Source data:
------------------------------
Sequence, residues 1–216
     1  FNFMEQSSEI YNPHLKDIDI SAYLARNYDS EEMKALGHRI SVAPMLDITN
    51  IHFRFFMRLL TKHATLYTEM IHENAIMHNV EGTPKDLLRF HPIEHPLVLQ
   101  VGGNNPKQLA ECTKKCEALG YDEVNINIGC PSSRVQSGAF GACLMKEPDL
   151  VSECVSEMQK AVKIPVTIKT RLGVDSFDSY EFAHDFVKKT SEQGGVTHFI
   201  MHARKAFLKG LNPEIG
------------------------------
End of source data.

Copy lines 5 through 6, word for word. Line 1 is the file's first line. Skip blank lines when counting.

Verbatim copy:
   151  VSECVSEMQK AVKIPVTIKT RLGVDSFDSY EFAHDFVKKT SEQGGVTHFI
   201  MHARKAFLKG LNPEIG